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Bell Media Confirms Local Radio & TV Layoffs

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Company owns 30 television stations and 105 licensed radio stations

courtesy The Canadian Press and CBC News Posted: Nov 20, 2017 2:56 PM MT

Bell Media is confirming union reports that it is laying off employees at radio and TV stations across Canada, including "phasing out" certain sportscasts and well-known anchors.

Bell Media is confirming union reports that it is laying off employees at radio and TV stations across Canada, including “phasing out” certain sportscasts and well-known anchors. (Darren Goldstein-Bell Media/The Canadian Press)

Bell Media is laying off employees, including prominent on-air personalities, at radio and TV stations across Canada.

However, the company won’t say how many, who or where.

Unifor, the union representing on-air and broadcasting technicians at 17 CTV stations, estimates 50 jobs are being eliminated at Bell Media’s TV network alone in the latest round.

It says CFTO sportscasters Joe Tilley and Lance Brown, along with on-air personalities such as BNN host Michael Kane and Ottawa CTV 2 hosts Melissa Lamb and Lianne Laing, are among those affected.

The union said the cuts mean the end of local sports broadcasts as of Dec. 27 at CTV’s flagship station CFTO in Toronto, a move it claims has already been made at CTV stations in Edmonton, Calgary and Montreal.

In an email sent Monday, Bell Media spokesman Matthew Garrow confirmed a union report that a number of employees were told last week their jobs would end due to a reorganization designed in part to address declines in advertising revenue.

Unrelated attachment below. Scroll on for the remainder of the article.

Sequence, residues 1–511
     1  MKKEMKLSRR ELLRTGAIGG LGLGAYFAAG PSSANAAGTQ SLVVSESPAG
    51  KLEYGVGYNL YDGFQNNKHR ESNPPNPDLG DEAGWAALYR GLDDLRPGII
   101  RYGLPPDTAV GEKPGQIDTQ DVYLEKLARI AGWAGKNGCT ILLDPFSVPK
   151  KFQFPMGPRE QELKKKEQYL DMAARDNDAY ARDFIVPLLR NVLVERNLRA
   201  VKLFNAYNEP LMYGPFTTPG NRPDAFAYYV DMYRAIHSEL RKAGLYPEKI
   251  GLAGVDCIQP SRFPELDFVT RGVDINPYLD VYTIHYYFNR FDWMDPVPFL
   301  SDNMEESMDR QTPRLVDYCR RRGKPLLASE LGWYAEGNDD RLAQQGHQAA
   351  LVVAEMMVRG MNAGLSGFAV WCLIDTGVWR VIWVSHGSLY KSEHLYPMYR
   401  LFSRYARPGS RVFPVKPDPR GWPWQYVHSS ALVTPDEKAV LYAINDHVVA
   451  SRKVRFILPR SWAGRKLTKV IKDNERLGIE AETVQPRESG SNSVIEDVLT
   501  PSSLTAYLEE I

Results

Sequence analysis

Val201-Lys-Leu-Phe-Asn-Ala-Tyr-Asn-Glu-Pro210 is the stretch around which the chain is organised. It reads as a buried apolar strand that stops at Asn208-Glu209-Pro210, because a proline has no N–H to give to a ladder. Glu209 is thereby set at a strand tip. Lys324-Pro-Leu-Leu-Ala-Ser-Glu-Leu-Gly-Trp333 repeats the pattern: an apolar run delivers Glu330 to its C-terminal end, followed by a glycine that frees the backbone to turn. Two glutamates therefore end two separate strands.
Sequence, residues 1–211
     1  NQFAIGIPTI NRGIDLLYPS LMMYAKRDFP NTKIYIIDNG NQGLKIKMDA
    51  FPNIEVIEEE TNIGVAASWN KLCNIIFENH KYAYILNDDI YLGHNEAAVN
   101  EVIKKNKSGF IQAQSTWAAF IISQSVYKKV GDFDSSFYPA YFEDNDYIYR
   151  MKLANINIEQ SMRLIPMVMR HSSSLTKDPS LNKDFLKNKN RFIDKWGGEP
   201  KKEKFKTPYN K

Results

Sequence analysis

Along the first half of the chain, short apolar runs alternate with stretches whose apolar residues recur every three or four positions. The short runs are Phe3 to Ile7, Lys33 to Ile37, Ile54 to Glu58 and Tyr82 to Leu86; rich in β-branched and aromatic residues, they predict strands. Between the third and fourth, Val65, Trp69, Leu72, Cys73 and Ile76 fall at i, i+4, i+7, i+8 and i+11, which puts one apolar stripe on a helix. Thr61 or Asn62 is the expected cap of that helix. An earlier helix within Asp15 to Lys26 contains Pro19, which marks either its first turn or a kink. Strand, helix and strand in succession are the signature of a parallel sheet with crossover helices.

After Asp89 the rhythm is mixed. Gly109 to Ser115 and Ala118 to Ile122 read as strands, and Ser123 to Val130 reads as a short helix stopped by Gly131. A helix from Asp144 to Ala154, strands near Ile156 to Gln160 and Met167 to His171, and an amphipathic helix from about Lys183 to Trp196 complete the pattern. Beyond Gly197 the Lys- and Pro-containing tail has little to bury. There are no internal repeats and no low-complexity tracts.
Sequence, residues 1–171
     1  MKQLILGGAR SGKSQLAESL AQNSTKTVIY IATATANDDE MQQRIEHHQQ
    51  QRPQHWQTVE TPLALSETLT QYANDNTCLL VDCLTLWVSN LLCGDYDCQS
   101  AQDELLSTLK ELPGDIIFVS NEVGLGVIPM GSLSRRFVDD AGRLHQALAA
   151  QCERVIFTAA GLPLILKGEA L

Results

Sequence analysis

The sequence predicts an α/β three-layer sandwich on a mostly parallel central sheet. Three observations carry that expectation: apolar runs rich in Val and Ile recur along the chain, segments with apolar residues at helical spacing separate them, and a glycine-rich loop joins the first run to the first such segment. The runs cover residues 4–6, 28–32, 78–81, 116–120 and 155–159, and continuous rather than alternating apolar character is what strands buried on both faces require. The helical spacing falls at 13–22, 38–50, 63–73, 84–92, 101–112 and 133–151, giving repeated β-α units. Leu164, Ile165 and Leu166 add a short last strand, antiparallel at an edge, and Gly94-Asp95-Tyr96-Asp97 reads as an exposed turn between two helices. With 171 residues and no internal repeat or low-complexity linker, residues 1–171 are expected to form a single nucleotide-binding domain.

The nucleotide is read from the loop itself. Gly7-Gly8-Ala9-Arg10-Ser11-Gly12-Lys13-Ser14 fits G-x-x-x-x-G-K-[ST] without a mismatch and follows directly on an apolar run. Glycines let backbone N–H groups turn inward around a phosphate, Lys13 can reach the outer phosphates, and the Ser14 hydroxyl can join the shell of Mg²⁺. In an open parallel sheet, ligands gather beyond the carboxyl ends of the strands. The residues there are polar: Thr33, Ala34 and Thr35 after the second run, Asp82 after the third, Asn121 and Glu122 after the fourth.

“Like other Canadian broadcasters, we are confronting rapid change in the media marketplace including new broadcast technologies and viewing options and fast-growing international competition,” he said.

“As the media marketplace evolves, local radio and TV stations are facing significant declines in advertising, their only source of revenue. We need to reorganize and reduce costs to manage the impact.”

Garrow said Bell is cutting its local sports presence but will continue to have sports in its local newscasts.

READ THE REST OF THE STORY  HERE  AT THE CBC NEWS WEBSITE

6 COMMENTS

  1. What this means, at least in Edmonton, is that the pathetic 11 minutes of local “news” in a 60 minute “news” cast is further reduced as we now have to sit through stories on the Eskimos and Oilers – stories that used to appear in the sportscast – when we should be finding out about fires and accidents. Shameful! Note to reporters: we really don’t care about what the neighbours think when something happens in the house down the street. Give us the facts and let us make up our own minds. We don’t need uninformed opinions and gossip from people who know even less than we do about what happened.

  2. With each cut in on-air personalities, the pinheads who run media companies must learn that viewers/listeners go elsewhere.
    Fewer viewers/listeners equals lower advertising rates, which equals lower corporate earnings…meaning fewer pinheads required at head office.
    The stock price might edge up, but overall, has the company been strengthened by the layoffs?

  3. Remember “the good old days?” when radio/TV stations were owned and run by families? I worked for some really fantastic employers back then, they treated me and my fellow workers like members of their family. They handed out great bonuses at Christmas time, threw wonderful parties for employees and their wives, summer bbq’s….you name it, we had it. They really expressed their appreciation for all that we, as employees, did to help make their stations a success….we loved our jobs.